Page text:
Beef Bolognese with Fettuccine is one of our favorite dishes. It gets made at least once every 2 weeks and maybe even more than that when winter comes. I first saw it when a friend posted it from their social media page and it looked incredible. I always heard the name of the recipe, but never tried it. Intrigued, I watched the video (It was from Anne Burrell) and thought, “I can make this.” It is definitely a labor of love though. The recipe I use is a multi-step process, but if you love to cook and have the time, you will absolutely love it too! It is definitely based off her recipe, though I have changed it some over the years to suit my family’s taste.
I have been making this bolognese for about 3-4 years I would say. The real name is Ragu Bolognese where it really means “meat sauce,” originating from Bologna, Italy. Well, we had the opportunity to visit both Florence and Venice a couple of summers ago and I wasn’t about to let that chance go by without tasting true, authentic bolognese. Here I am (below) talking with the waiter about how I cook mine vs how they cook theirs. He was very impressed because I was pretty spot on. He said, (and I don’t do an Italian accent well, so you’ll have to improvise) “the only thing(a) you have(a) to do(a) is add(a) some chu-gah to yours!” So, I needed to add a little sugar, apparently. I was so jazzed though, because ours really did taste very similar. That was it. Solidified. My bolognese was authentic!
Noodle! Choose your noodle!
You could absolutely use any type of pasta you wish. When I think of beef bolognese, I think of it as a super hearty sauce. Bolognese needs a big noodle. I like to pair it with a fettuccine or linguine. If I’m REALLY feeling crazy and wacky with hours upon hours to spend cooking, I’ll even make my own pasta and make extra wide noodles. You could always go with spaghetti, but I sometimes feel like spaghetti gets lost in this sauce. Please don’t tell me you like to pair it with some type of shell. I can’t. We can’t be friends. To me, the shells are saved for mac and cheese or chili mac night. Bolognese is special. Go on and give it the noodle it deserves.
Beef Bolognese with Fettuccine
I start my bolognese with fettuccine with a puree of carrots, celery, onion and garlic cloves. That, and a little olive oil in the food processor to make a pulp.
So, the color should resemble this:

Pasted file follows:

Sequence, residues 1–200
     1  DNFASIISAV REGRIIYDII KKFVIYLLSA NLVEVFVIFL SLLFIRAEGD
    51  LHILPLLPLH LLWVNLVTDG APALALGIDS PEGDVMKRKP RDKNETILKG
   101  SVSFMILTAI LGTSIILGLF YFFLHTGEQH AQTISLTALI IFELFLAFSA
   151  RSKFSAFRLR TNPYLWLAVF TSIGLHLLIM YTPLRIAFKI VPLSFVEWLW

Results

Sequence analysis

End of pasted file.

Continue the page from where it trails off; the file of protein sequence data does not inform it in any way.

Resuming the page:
It did take me 2 times to get it though. Watching the video will really help if you’re unsure of how long to do something, or if you’re afraid you’ll burn it. That’s what helped me. Second, you might think you’re using way too much salt. I did too. It soaks up a ton of salt and it also will disappear when it’s met with Mr. Fettuccine. Use the salt. I guess if you’re REALLY worried, you can add as you go also. Cook this down for 10-15 minutes, scraping the bottom often. It will have a nutty smell – will smell amazing and don’t be surprised if it’s half the volume it was before.
The next thing I would say is make the full amount because you can freeze it. Clint and one of my sons doesn’t care for pasta all that much, so they make rice to put theirs over.
So… without further ado! Here it is. Drumroll please….
Beef Bolognese with Fettuccine
- 3 carrot sticks
- 2 celery stalks
- 3 cloves of garlic
- 2 Tbsps olive oil
- 1 1/2-2 lbs lbs ground chuck
- 2 1/4 cups of red wine (I prefer to use a cab but you can use merlot also)
- 10-12 oz tomato paste
- 1/4 tsp Italian seasoning (or a mixture of oregano and basil)
- 2 Tbsp + 1 tsp salt
- 1 Tsp sugar
- 2 1/2 cups of water plus more during cooking
- 1-2 boxes of fettuccine noodles
- Parmesan Cheese
Get a big dutch oven or thick pot on medium high or just a bit higher. Rough chop your carrots, celery, onion and garlic and put them in food processor with 1 Tbsp olive oil to make a pulp.
Put other Tbsp olive oil in pot and add veggie mix. Stir and scrape about every 2-3 minutes. This will be a game of stir and wait, stir and wait, stir and wait. It will appear darker, and it will also reduce about 1/2 in size when liquid evaporates. Remove when it’s a medium brown color and it’s been cooking for about 10-15 minutes. Set aside in a bowl.
Place ground chuck in pot, scraping up any veggie leftover bits. Again, sprinkle with 1 Tbsp of salt and leave it alone! Let it cook on the bottom before you stir it. Stir every 2-3 minutes, scraping up any bits.
Add veggies back to the meat mixture and add tomato paste. Stir it around and cook for 3-4 minutes, stirring about halfway in between.
Add red wine a little at a time, stirring any bits at the bottom. Let simmer 4-5 minutes, stirring about halfway in between.
Add last tsp of salt, Italian seasoning, sugar, and water and let simmer for 45 minutes. After 45 minutes, taste it. Don’t worry if it tastes kind of salty to you. You will want it a little bit on the salty side. If you think it requires more salt, add it here. Add 1 cup of water, stir and wait 45 minutes. Again, a game of add water and let it cook out, add water and let it cook out. It takes about 2 to 3 times of adding water and cooking out for the flavors to fully develop.
Finally, cook noodles according to package directions and mix with sauce to serve. Top with Parmesan cheese.